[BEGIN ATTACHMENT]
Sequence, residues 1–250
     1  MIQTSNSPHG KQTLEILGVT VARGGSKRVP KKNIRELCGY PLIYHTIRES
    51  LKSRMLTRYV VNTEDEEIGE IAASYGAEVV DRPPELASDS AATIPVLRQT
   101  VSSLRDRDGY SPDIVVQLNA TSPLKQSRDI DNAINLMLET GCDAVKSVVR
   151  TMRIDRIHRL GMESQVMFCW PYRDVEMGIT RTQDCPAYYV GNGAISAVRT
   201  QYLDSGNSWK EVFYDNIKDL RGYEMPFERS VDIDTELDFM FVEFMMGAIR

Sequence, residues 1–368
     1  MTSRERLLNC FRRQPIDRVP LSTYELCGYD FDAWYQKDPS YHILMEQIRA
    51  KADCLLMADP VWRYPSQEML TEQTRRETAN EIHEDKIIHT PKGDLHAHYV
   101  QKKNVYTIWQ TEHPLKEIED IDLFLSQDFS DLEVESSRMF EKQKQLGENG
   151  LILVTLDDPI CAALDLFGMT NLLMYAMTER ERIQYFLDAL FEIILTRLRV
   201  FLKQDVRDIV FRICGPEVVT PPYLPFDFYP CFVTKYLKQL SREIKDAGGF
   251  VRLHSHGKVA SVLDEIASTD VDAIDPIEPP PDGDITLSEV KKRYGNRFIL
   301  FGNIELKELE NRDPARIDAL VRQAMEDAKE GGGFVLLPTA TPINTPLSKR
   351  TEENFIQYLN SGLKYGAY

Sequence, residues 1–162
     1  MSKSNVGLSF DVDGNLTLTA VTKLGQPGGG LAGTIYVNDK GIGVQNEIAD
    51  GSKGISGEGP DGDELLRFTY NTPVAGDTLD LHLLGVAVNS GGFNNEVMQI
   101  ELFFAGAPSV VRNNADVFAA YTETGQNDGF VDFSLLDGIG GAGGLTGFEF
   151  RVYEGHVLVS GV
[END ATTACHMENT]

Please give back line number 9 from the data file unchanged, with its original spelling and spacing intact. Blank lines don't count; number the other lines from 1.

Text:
    51  KADCLLMADP VWRYPSQEML TEQTRRETAN EIHEDKIIHT PKGDLHAHYV